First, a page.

Huawei accounted for 5% of the 1 billion smartphones shipped in 2013

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The International Data Corporation (IDC) has released its figures of how the mobile market performed last year. Top on the list of the vendors that shipped the most device are the usual guys (Samsung and Apple) but of great interest is the growth of Huawei which still maintains its third position despite stiff competition from the likes of LG, Lenovo and resurgent Nokia in 2013. In fact, it managed to grow its smartphone shipment by almost one percentage point to stand at 4.9% of all smartphones shipped last year up from 4% back in 2012.

Of the 1 billion smartphones shipped last year, Huawei accounted for about 48 million. That may be a small figure when compared to the likes of Apple and Samsung who shipped 153 million and 313 million smartphones respectively but when you figure in the 29 million smartphones Huawei shipped in 2012, you realize how big that is. It represents a 67.5% year over year growth and is an indicator of things to come if the Chinese company sticks to the no-compromise strategy it adopted when it brought to the market the first 6-inch phablet (Ascend Mate) and one of the most beautiful smartphones of 2013, the Ascend P6.

What can we expect Huawei to do different this year? Quite a lot. For instance they’ve not yet gone all out on tablets. Recent surveys have put Samsung Galaxy tablets as the most popular and widely used Android tablets in the market. That is understandable since Samsung was the first to try go head-on with the Apple iPad’s then undisputed hold on the tablet market. While the numbers still favour the iPad, the emergence of budget tablets from some no-name manufacturers and some reputable but affordable ones like the Google Nexus 7 have totally changed the dynamics. Samsung realized this and this year they released the Galaxy Tab 3 Lite to lure the budget buyer. We’ve seen Huawei act swiftly by announcing the MediaPad Youth2 but that is not enough, we need to see more of the company’s presence in the tablet scene. Rival Lenovo is on a roll with Windows 8 tablets and while Huawei could try get into that too, it could use its strong footing on the Android platform to its own advantage and turn around things this year.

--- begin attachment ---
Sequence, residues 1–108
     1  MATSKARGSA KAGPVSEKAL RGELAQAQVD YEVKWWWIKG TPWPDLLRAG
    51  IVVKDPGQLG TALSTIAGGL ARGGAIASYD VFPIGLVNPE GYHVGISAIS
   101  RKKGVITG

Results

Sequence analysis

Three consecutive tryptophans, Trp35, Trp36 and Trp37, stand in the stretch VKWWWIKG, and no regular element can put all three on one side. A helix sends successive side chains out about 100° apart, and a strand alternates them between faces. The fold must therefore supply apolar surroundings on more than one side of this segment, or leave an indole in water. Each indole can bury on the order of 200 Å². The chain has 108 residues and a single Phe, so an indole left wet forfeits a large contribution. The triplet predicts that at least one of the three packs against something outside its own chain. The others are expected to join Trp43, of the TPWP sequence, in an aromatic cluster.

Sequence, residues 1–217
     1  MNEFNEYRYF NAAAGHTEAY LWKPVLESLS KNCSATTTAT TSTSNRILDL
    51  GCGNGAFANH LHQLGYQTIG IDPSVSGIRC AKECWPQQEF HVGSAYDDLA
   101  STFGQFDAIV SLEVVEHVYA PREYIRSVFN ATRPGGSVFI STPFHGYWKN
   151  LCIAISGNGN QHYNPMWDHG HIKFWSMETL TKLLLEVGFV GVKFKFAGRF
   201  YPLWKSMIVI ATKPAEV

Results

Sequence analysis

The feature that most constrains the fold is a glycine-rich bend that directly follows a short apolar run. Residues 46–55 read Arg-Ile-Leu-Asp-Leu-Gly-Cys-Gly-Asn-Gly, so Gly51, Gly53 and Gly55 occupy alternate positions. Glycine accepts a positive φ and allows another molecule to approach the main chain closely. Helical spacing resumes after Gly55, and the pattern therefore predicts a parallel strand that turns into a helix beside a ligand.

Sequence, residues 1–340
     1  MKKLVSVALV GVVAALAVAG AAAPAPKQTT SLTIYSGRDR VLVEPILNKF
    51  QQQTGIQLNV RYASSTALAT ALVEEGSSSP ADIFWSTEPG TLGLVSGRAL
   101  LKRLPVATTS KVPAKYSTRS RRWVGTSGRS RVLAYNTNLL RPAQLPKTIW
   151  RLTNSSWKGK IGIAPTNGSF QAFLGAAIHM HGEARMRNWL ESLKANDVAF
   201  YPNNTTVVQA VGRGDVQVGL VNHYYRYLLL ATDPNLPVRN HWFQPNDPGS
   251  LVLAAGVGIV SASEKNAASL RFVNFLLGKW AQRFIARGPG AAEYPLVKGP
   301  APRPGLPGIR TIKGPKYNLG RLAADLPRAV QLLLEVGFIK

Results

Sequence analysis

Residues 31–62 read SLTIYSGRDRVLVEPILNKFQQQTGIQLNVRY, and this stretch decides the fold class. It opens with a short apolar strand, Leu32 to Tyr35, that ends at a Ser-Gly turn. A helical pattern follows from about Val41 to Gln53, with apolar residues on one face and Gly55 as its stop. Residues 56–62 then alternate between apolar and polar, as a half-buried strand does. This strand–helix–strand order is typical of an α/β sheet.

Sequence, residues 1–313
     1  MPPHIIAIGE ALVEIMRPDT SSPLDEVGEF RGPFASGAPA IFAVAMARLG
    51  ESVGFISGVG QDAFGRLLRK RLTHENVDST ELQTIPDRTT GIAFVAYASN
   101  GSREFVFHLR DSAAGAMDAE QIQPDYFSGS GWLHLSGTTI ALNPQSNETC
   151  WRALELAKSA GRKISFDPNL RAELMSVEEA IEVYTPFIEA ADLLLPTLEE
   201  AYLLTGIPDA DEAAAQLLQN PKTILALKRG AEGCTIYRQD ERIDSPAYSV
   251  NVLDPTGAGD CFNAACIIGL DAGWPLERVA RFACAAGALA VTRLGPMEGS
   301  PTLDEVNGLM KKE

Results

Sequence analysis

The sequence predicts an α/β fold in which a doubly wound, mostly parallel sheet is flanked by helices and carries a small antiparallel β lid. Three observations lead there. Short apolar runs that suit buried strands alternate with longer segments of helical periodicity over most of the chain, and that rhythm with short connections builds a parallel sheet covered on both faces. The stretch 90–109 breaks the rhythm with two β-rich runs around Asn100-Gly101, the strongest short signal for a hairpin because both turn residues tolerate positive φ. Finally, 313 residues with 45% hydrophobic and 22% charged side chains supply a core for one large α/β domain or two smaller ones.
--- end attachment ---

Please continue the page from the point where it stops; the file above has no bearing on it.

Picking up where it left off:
Talking of Windows 8, there is the Windows Phone market that Huawei does not have a strong presence yet. Though Nokia is all dominating, Huawei can come in and try to match Nokia’s budget offerings. The likes of the W1 clearly show that Huawei can play here well and it just needs to be more aggressive and take on the Lumia 520, 525 and whatever Nokia has in store for the budget conscious consumer this year (including that rumoured Nokia X/Normandy). Afterall the ASP for smartphones is expected to either stay put or dip a bit this year. It is the differentiation that will matter and Huawei of all OEMs out there has both the resources and the required mettle to do this. Marketing-wise, that Arsenal-Huawei deal could be the starting point of a huge presence in Europe and around the world. We have a year to see what comes of it.

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